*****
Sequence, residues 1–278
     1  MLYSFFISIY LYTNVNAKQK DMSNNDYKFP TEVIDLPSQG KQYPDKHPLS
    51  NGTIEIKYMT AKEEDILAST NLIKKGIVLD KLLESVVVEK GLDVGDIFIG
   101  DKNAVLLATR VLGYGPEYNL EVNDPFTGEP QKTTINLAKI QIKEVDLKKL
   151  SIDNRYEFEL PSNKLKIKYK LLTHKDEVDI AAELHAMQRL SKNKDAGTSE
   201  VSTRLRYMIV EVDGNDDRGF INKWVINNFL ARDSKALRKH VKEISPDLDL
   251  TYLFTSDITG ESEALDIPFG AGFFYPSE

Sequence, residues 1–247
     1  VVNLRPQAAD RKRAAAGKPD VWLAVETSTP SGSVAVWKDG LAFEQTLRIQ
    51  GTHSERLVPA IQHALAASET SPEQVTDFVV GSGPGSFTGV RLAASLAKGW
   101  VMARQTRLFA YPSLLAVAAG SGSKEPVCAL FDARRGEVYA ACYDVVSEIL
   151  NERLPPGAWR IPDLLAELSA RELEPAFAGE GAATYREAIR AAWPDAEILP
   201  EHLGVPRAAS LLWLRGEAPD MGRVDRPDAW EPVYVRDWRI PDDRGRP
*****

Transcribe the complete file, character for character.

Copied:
Sequence, residues 1–278
     1  MLYSFFISIY LYTNVNAKQK DMSNNDYKFP TEVIDLPSQG KQYPDKHPLS
    51  NGTIEIKYMT AKEEDILAST NLIKKGIVLD KLLESVVVEK GLDVGDIFIG
   101  DKNAVLLATR VLGYGPEYNL EVNDPFTGEP QKTTINLAKI QIKEVDLKKL
   151  SIDNRYEFEL PSNKLKIKYK LLTHKDEVDI AAELHAMQRL SKNKDAGTSE
   201  VSTRLRYMIV EVDGNDDRGF INKWVINNFL ARDSKALRKH VKEISPDLDL
   251  TYLFTSDITG ESEALDIPFG AGFFYPSE

Sequence, residues 1–247
     1  VVNLRPQAAD RKRAAAGKPD VWLAVETSTP SGSVAVWKDG LAFEQTLRIQ
    51  GTHSERLVPA IQHALAASET SPEQVTDFVV GSGPGSFTGV RLAASLAKGW
   101  VMARQTRLFA YPSLLAVAAG SGSKEPVCAL FDARRGEVYA ACYDVVSEIL
   151  NERLPPGAWR IPDLLAELSA RELEPAFAGE GAATYREAIR AAWPDAEILP
   201  EHLGVPRAAS LLWLRGEAPD MGRVDRPDAW EPVYVRDWRI PDDRGRP